The game "Salgado L, Iván - Arroyo R, Jesús, 83rd ESP-ch 1-0", shows this annotation after the last move: "Precision: White = 93%, Black = 18%."

What does that phrase mean?

ref: https://es.chessbase.com/post/sabrina-vega-y-salvador-del-rio-de-angelis-campeones-de-ajedrez-de-espana-2018

(url corrected)

  • Your Chessbase link is broken. Can you fix it? – Brian Towers Sep 10 at 19:33
  • @Brian Towers The chessbase link was corrected. – djnavas Sep 11 at 17:59

It surely is a measure of the quality of play, the deviation of the game from a "perfect game", as understood by the engine used in the analysis. A perfect move will lose zero units of measure.

I couldn't find a chessbase source, but here it is a similar question on lichess, in which the unit of measure is called a centipawn:

https://lichess.org/qa/103/what-is-average-centipawn-loss

Centipawn loss could also be expressed as percentage, but as your question is about precision, they should be the opposite amount. In your example for white, a precision of 93% equals 7 centipawn loss (7% of inaccuracy).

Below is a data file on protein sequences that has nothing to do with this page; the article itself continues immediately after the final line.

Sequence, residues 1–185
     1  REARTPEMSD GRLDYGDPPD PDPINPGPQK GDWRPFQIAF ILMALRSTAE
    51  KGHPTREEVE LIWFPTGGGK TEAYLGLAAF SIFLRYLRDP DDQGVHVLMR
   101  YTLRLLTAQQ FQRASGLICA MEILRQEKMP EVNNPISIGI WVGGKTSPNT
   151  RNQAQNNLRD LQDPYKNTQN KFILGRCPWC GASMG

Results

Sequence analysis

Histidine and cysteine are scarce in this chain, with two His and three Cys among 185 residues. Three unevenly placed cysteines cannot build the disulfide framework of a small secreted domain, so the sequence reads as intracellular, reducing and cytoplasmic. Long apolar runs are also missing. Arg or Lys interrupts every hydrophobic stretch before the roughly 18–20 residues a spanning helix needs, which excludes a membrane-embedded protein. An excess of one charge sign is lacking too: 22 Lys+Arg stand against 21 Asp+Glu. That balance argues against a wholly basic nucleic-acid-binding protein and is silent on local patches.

• tl;dr : It doesn't mean much. :) – Evargalo Sep 11 at 8:52
  • @Evargalo The answers in that thread are not too long. Do you mean that precision or centipawn loss measures don't mean much? – Daniel Alfredo Sottile Sep 11 at 13:59
  • Yes, that's what I mean, I think one shouldn't worry too much about these measures, especially precision aggregated on a whole game. But my comment was rather tongue-in-cheek, don't take it too seriously... – Evargalo Sep 11 at 14:36
  • 4
    Could it be that precision is the percentage of moves that coincide with some engine, running under some unknown parameters? – djnavas Sep 11 at 18:01
  • 1
    @djnavas Do you mean the percentage of moves that coincide exactly with the best move according to that engine? I don't think so, because it would be even more useless, as Evargalo said. – Daniel Alfredo Sottile Sep 12 at 10:42

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